But achievement has obviously clashed with time; the studio has had not enough of the latter to fully hammer out it's ideas.
The third Dungeon Siege continues in the footsteps of its fore-bearers, revolving around the the Kingdom of Ehb. It's some thirty years and endless conspiracy theories later that new developer Obisdian ushers us back into the RPG world, and what was once was familiar is now ash.
Ehb's 10th Legion has fallen, destroyed due to its rumoured involvement in the death of its King. It's in these trampled ashes that you must reforge the once-great Legionaries to their former glory, doing so with one of four characters, each with their own perspective and ties with the Legion, and each with their own abilities, talents and playing styles.
You've the classic swordsman in the form of Lucas Montbarron, son of the former Grand Master of the Legion, who's adept with sword and shield. You've magic users with spear-wielding Anjali who can transform into a fire spirit, and Reinhart Manx, a magician who favours long-range field-effects. A strategy adopted by the troop's fourth member, the rifle-carrying Katarina. Four characters, four attack types; all RPG bases covered.
Our heroes can improve their skills through passive talents; there are ten for each character, and in addition to standard attacks, there are also three types of abilities. Two use magic points and the third, a defensive ability, action points.
Where Obsidian has worked it's magic excellently is in the story and branching narrative. While you'll be questing through the same areas no matter which character you choose, the background narrative and ending is different for each, and as RPGs go, story decision decisions weigh heavily later on. It's one of those situations that to tell is to spoil, so we'll leave it to you to find out. It does make the journey a lot more personal.
Oddly, the only weakness in the story is that it feels cut off early, like the developer had much more to tell, but development schedules and release deadlines meant loose ends had to be tided up quickly. As such the climax to the tale comes as somewhat as a surprise, and is the only duff note in an otherwise well-engineered tension curve. This doesn't mean the game is short however; optional side quests included, you're likely to be pushing past fifteen hours of entertainment here, which dwarfs many games of today.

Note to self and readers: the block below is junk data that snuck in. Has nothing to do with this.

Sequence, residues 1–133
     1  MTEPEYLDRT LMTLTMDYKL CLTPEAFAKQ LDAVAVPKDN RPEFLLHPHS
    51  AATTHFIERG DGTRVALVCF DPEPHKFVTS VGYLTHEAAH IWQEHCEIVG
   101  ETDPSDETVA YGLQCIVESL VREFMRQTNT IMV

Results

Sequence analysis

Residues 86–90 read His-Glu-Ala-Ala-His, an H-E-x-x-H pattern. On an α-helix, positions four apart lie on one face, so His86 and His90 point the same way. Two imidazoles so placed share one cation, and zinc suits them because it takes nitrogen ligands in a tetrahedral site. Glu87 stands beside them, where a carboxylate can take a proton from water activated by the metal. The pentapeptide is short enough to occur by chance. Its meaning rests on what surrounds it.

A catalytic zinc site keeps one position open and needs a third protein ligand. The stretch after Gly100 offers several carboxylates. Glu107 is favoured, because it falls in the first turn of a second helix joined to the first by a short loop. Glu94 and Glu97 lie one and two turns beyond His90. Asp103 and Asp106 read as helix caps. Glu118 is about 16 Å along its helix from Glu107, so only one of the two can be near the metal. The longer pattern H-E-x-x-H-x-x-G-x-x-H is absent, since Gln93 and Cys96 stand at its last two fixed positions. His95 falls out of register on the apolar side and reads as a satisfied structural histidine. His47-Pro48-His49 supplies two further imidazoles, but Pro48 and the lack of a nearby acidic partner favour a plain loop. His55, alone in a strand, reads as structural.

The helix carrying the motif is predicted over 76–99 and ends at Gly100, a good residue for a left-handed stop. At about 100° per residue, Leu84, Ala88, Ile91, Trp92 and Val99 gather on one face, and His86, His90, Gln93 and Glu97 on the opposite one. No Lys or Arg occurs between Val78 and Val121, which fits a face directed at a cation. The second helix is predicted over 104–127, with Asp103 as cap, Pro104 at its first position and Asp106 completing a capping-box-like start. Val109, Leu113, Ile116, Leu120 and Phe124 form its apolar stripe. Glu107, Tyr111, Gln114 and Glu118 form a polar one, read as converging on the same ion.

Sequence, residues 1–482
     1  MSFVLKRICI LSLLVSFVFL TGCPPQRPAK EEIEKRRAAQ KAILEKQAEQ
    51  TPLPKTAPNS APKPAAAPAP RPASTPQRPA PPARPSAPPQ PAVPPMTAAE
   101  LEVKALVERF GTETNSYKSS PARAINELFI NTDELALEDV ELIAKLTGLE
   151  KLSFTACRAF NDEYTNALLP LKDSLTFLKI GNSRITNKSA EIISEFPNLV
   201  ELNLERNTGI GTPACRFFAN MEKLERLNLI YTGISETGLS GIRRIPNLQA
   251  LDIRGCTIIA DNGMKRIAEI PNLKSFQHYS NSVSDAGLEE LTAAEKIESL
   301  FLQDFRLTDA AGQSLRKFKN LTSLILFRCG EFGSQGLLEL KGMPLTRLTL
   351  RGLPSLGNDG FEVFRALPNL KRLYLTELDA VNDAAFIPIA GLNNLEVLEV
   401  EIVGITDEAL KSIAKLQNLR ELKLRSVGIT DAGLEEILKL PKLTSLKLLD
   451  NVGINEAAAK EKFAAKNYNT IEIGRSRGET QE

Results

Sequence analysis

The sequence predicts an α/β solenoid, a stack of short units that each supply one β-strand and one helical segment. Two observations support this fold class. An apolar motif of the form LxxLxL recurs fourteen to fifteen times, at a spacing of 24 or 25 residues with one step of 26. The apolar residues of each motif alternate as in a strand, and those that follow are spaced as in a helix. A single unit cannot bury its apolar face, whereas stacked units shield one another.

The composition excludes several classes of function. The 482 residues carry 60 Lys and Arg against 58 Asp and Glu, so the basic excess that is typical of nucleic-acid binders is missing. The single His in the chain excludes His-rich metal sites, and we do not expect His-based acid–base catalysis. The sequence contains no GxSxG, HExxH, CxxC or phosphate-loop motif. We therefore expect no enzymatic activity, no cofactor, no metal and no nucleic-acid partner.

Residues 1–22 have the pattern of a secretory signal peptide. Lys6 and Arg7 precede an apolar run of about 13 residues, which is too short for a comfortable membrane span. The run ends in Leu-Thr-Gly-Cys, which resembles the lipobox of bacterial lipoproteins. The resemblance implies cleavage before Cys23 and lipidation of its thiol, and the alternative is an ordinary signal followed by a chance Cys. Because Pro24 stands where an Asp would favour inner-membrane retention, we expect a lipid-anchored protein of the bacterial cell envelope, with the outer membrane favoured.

While isomeric RPGs aren't necessarily big on graphical flourish, Dungeon Siege III pumps out some decent visuals, and some beautiful lightning effects. Neither can be appreciated fully due to the camera angle, which is a shame; its part of the course with this sub-genre, but it'd have been great to sweep in closer and lower to enjoy the view.
Dungeon Siege III's biggest problem is that it obviously can't figure out whether to lean more towards a more hack'n'slash romp or traditional RPG, and therefore probably will disappoint both camps due to the fence-sitting. Towards the end is a blood-bath of swinging swords and cast spells, and some puzzles would have been welcome to break up the action.
While decisions will weigh on the difficulty of later sections, there's still a hefty degree of linearity here that'll annoy some RPG fans, and any attempt to break from it is purely cosmetic. Such as the pay-off for your choices in the game's conversations.
The consequences (spoiler!) of these are primarily seen in the game's final sequence, with a narration explaining the course of events after the last shot; after so much brilliant build-up, it feels unsatisfactory. As a whole Dungeon Siege III offers some grand ideas, and the illusion of fantasy epic, but falls just before greatness due to its shortcomings.